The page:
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Archive for April, 2014

Journal Club 23 April 2014

Paper

A Randomized Trial to Assess Catheter Ablation Versus Rate Control in the Management of Persistent Atrial Fibrillation in Heart Failure

Presenter

PM

Summary

Objectives

This study sought to compare catheter ablation with rate control for persistent atrial fibrillation (AF) in heart fail- ure (HF).
Background The optimal therapy for AF in HF is unclear. Drug-based rhythm control has not proved clinically beneficial. Cath-
eter ablation improves cardiac function in patients with HF, but impact on physiological performance has not been formally evaluated in a randomized trial.

Methods

In a randomized, open-label, blinded-endpoint clinical trial, adults with symptomatic HF, radionuclide left ventric- ular ejection fraction (EF) Յ35%, and persistent AF were assigned to undergo catheter ablation or rate control. Primary outcome was 12-month change in peak oxygen consumption. Secondary endpoints were quality of life, B-type natriuretic peptide, 6-min walk distance, and EF. Results were analyzed by intention-to-treat.

Results

Fifty-two patients (age 63 Ϯ 9 years, EF 24 Ϯ 8%) were randomized, 26 each to ablation and rate control. At 12 months, 88% of ablation patients maintained sinus rhythm (single-procedure success 68%). Under rate control, rate criteria were achieved in 96%. The primary endpoint, peak oxygen consumption, significantly increased in the ablation arm compared with rate control (difference ϩ3.07 ml/kg/min, 95% confidence interval: 0.56 to 5.59, p ϭ 0.018). The change was not evident at 3 months (ϩ0.79 ml/kg/min, 95% confidence interval: Ϫ1.01 to 2.60, p ϭ 0.38). Ablation improved Minnesota score (p ϭ 0.019) and B-type natriuretic peptide (p ϭ 0.045) and showed nonsignificant trends toward improved 6-min walk distance (p ϭ 0.095) and EF (p ϭ 0.055).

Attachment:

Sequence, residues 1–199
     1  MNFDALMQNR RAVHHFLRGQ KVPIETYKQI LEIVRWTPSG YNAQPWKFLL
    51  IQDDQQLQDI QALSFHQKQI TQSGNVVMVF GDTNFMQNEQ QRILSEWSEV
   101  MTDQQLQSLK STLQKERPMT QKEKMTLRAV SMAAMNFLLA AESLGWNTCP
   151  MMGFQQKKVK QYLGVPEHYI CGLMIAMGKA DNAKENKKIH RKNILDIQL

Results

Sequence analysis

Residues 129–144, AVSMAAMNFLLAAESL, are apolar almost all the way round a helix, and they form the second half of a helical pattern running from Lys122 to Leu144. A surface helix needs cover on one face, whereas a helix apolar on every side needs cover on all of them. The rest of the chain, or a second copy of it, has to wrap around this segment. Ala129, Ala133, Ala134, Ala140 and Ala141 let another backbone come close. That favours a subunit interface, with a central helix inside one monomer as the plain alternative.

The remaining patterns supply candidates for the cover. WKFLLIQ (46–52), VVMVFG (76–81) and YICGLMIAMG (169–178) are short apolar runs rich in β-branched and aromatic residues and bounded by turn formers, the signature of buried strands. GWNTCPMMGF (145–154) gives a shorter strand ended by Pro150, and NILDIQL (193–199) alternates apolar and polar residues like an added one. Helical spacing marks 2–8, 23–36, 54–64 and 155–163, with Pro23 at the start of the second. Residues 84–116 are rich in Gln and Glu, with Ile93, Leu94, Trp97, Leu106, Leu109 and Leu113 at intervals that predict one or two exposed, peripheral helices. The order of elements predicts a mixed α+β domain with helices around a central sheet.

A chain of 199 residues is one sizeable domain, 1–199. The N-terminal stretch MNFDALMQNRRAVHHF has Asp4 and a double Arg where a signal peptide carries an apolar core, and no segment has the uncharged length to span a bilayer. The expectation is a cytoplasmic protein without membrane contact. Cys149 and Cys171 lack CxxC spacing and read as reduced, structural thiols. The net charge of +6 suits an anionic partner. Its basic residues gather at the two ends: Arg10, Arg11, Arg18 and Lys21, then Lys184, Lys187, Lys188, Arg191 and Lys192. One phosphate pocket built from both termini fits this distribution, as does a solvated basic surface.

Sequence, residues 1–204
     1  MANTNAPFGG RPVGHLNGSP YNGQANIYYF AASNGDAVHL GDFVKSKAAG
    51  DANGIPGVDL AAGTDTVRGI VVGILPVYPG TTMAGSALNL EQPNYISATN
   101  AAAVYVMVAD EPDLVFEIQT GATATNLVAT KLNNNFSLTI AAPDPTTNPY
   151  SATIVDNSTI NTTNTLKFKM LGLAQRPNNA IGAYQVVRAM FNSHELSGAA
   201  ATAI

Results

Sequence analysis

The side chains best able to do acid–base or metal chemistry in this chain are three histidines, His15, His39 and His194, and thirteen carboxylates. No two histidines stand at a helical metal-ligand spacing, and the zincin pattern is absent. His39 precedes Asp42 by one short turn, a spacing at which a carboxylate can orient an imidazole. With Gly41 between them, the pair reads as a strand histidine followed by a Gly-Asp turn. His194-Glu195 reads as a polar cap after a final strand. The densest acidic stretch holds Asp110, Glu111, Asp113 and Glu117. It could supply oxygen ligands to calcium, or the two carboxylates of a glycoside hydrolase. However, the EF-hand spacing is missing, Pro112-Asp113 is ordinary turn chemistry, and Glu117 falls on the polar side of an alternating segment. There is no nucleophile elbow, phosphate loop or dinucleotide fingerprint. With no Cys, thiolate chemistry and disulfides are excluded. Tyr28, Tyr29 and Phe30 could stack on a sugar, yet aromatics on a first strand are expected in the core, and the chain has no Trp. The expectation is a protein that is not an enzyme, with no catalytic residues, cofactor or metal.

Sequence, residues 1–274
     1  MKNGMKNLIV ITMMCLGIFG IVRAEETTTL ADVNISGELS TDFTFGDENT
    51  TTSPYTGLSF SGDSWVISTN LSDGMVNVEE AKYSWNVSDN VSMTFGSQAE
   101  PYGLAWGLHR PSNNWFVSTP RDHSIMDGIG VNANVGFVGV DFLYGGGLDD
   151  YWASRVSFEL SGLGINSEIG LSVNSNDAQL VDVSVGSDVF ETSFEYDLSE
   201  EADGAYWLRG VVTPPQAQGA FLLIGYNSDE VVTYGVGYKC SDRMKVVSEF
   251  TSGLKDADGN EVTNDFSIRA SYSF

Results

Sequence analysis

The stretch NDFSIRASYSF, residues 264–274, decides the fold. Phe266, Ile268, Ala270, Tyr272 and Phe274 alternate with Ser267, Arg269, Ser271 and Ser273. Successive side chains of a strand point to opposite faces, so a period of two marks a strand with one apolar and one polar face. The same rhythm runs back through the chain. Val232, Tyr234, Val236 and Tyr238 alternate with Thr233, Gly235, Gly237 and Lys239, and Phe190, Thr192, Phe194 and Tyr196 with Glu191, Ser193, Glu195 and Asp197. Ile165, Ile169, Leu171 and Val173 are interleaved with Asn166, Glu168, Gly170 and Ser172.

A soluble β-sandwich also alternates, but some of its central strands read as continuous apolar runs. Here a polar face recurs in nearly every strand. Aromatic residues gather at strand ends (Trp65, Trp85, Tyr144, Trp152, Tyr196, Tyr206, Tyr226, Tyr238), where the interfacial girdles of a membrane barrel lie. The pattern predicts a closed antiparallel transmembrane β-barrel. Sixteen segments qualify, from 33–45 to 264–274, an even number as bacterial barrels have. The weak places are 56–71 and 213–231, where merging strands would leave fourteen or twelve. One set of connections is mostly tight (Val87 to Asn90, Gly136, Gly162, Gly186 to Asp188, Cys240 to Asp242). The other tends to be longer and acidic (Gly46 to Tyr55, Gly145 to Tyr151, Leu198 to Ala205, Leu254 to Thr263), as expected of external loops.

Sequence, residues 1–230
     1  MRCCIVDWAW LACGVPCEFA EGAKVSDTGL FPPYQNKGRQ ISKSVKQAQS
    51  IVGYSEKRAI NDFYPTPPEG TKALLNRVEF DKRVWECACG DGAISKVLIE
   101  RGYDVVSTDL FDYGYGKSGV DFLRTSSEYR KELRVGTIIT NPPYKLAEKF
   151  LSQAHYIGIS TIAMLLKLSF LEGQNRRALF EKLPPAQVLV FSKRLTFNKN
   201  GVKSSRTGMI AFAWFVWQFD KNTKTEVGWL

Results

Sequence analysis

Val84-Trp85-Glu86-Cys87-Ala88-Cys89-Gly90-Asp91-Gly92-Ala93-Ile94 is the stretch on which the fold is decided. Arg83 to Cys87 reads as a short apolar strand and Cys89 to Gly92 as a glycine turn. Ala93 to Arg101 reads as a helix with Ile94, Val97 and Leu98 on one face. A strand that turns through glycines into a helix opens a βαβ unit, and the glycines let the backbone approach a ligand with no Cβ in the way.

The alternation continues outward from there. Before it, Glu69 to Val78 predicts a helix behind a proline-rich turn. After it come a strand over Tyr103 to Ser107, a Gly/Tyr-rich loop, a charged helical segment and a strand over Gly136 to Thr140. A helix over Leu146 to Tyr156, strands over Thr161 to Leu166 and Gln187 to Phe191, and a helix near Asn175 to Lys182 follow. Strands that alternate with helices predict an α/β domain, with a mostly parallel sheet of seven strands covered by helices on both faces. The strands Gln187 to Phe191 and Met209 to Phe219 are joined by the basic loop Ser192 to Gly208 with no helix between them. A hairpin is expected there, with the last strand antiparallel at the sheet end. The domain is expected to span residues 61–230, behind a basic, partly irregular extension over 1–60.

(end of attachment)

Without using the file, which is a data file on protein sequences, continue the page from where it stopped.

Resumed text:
Conclusions

This first randomized trial of ablation versus rate control to focus on objective exercise performance in AF and HF
shows significant benefit from ablation, a strategy that also improves symptoms and neurohormonal status. The ef- fects develop over 12 months, consistent with progressive amelioration of the HF syndrome.

Supplementary Material

The editorial is here.

Journal Club 16 April 2014

Paper

A Controlled Trial of Renal Denervation for Resistant Hypertension

Presenter

SP

Summary

BACKGROUND

Prior unblinded studies have suggested that catheter-based renal-artery denervation reduces blood pressure in patients with resistant hypertension.

METHODS

We designed a prospective, single-blind, randomized, sham-controlled trial. Patients with severe resistant hypertension were randomly assigned in a 2:1 ratio to undergo renal denervation or a sham procedure. Before randomization, patients were receiving a stable antihypertensive regimen involving maximally tolerated doses of at least three drugs, including a diuretic. The primary efficacy end point was the change in office systolic blood pressure at 6 months; a secondary efficacy end point was the change in mean 24-hour ambulatory systolic blood pressure. The primary safety end point was a composite of death, end-stage renal disease, embolic events resulting in end-organ damage, renovascular complications, or hypertensive crisis at 1 month or new renal-artery stenosis of more than 70% at 6 months.